Architecture studio Snøhetta has announced its plans to restore and modernise The Natural History Museum of Lille by adding a public-oriented extension that references the city's traditional architecture.
The extension, or spine as the studio is labelling it, is designed as an interpretation of Lille's historic and traditional buildings – incorporating a brick facade and a wood-lined interior with floor-to-ceiling glazing.
As part of the project, Snøhetta will also remove the Natural History Museum's recent extensions and restore the building's original 19th-century facades.
The spine will unify the science-focused museum's existing exhibition spaces, permanent collections, storage and technical areas while also upgrading its accessibility and circulation for both staff and visitors.
"In such a significant city with long-established traditions within culture and arts, we are excited to work on a project which is paying homage to and respecting the heritage as well as looking ahead," said Snøhetta co-founder Kjetil Trædal Thorsen.
"Through our design, we aim to revitalize the museum as a landmark and aspire to find the most sustainable solutions, contributing to the City of Lille's sustainability goals."
Around the extension, the museum's courtyards will be transformed into accessible gardens that aim to tie its outdoor spaces to the exhibitions. Floor-to-ceiling glazing will offer views out to the gardens, which will be lined with trees to create cooling spaces at the centre of the site.
New welcome spaces and areas for young children, created in collaboration with exhibition designer Adeline Rispal, will also be introduced.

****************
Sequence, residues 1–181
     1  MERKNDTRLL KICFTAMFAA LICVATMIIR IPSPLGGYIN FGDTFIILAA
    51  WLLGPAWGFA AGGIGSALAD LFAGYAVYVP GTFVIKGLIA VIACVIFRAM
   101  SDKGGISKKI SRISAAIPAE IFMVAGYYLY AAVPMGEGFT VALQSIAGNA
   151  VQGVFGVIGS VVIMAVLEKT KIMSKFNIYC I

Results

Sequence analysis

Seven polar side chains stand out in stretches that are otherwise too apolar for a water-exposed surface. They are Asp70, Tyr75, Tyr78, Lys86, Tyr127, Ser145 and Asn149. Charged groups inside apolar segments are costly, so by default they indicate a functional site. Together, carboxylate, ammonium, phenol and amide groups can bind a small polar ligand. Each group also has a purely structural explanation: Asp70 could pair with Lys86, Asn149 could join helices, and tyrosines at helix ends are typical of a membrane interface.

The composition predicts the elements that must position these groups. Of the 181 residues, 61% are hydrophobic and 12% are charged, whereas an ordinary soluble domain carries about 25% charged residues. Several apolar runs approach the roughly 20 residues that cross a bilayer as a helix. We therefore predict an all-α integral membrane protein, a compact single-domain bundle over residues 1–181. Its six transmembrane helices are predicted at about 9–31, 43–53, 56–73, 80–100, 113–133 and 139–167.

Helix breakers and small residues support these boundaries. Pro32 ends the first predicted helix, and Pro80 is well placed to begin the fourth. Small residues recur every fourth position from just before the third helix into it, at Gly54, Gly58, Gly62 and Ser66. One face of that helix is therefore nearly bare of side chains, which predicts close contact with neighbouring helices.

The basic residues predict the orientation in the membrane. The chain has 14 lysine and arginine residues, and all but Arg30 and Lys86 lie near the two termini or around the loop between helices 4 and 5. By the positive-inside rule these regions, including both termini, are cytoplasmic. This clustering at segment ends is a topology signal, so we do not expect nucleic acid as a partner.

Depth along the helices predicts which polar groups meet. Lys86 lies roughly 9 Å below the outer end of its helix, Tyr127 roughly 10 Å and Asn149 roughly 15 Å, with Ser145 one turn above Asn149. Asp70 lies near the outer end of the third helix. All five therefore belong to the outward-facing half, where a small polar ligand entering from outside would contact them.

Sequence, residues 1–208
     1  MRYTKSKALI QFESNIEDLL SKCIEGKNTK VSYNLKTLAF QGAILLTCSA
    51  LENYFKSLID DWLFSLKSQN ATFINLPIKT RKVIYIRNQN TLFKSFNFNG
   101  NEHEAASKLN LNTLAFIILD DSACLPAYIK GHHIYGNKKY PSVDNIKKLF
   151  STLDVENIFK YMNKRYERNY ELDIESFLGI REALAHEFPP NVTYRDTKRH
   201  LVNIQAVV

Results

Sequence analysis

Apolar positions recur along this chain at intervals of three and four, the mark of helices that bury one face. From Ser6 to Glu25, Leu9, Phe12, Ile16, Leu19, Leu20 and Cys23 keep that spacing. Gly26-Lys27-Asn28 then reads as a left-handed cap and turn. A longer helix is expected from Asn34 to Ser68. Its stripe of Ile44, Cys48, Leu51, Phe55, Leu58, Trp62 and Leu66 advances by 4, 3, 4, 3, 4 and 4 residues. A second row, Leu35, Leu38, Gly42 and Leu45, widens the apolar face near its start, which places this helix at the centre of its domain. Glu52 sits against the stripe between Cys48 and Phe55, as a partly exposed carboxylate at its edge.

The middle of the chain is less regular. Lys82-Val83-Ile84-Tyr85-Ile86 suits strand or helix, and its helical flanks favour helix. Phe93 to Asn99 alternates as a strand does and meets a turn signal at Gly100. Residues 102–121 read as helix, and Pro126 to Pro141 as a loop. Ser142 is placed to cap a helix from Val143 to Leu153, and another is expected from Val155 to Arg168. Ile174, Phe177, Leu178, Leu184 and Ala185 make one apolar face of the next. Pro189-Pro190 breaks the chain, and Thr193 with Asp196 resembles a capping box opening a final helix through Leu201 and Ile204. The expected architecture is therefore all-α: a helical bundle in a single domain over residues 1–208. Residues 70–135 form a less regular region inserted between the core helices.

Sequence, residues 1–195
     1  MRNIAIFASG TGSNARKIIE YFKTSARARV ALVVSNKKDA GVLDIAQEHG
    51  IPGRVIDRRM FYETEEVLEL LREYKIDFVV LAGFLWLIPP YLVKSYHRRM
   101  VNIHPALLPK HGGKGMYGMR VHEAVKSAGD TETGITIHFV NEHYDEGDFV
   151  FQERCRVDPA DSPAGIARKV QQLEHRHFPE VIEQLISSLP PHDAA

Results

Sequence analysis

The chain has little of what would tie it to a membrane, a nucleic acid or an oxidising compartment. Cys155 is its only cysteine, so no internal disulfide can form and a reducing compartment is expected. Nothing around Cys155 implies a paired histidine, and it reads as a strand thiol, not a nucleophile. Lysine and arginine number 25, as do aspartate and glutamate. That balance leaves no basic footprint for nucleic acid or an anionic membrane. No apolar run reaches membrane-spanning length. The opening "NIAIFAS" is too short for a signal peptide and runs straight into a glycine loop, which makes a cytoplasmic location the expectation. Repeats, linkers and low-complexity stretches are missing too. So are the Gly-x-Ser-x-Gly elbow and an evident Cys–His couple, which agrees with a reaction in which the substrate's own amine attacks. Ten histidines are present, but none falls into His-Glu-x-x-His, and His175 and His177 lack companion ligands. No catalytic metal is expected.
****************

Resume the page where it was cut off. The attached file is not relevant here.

According to Snøhetta, the aim is to create a "museum of the future".
"Designed in collaboration with the renowned exhibition designer Adeline Rispal, they will be flexible and adapted to new display methods associating transversality with a holistic approach to science," said the studio.
Temporary exhibition spaces will allow the museum to easily install a number of different shows, providing visitors with new experiences.
"The Snøhetta team has thoroughly rethought the design of the museum to propose an ambitious scientific program for the Lille Natural History Museum," said Natural History Museum of Lille director Judith Pargamin.
"While the museum is a place where one dreams, grows and learns, it is also a tool that must enable the efficient management and upkeep of the thousands of pieces in its collections."
According to Snøhetta, the overhaul will introduce high-performance insulation, photovoltaic panels and rainwater harvesting systems as part of a wider effort to make the museum's operations more sustainable.
Elsewhere, Snøhetta recently revealed its design for a Tokyo skyscraper titled Shibuya Upper West Project, which was designed to be "a sanctuary of peace and relaxation in the bustle of the city".
The architecture studio has also announced its plans to add a sky-facing auditorium to the Kon-Tiki Museum in Oslo as part of the museum's redesign.
The renders are courtesy of Snøhetta.
Lead architect: Snøhetta
Exhibition designer: Atelier Adeline Rispal
Landscape architect: Taktyk
Building engineer: Quadriplus Groupe
Environmental engineer: Katène
Construction economist: VPEAS
Conservation specialist: ASK
Lighting designer: Les Eclaireurs
Multimedia designer: Innovision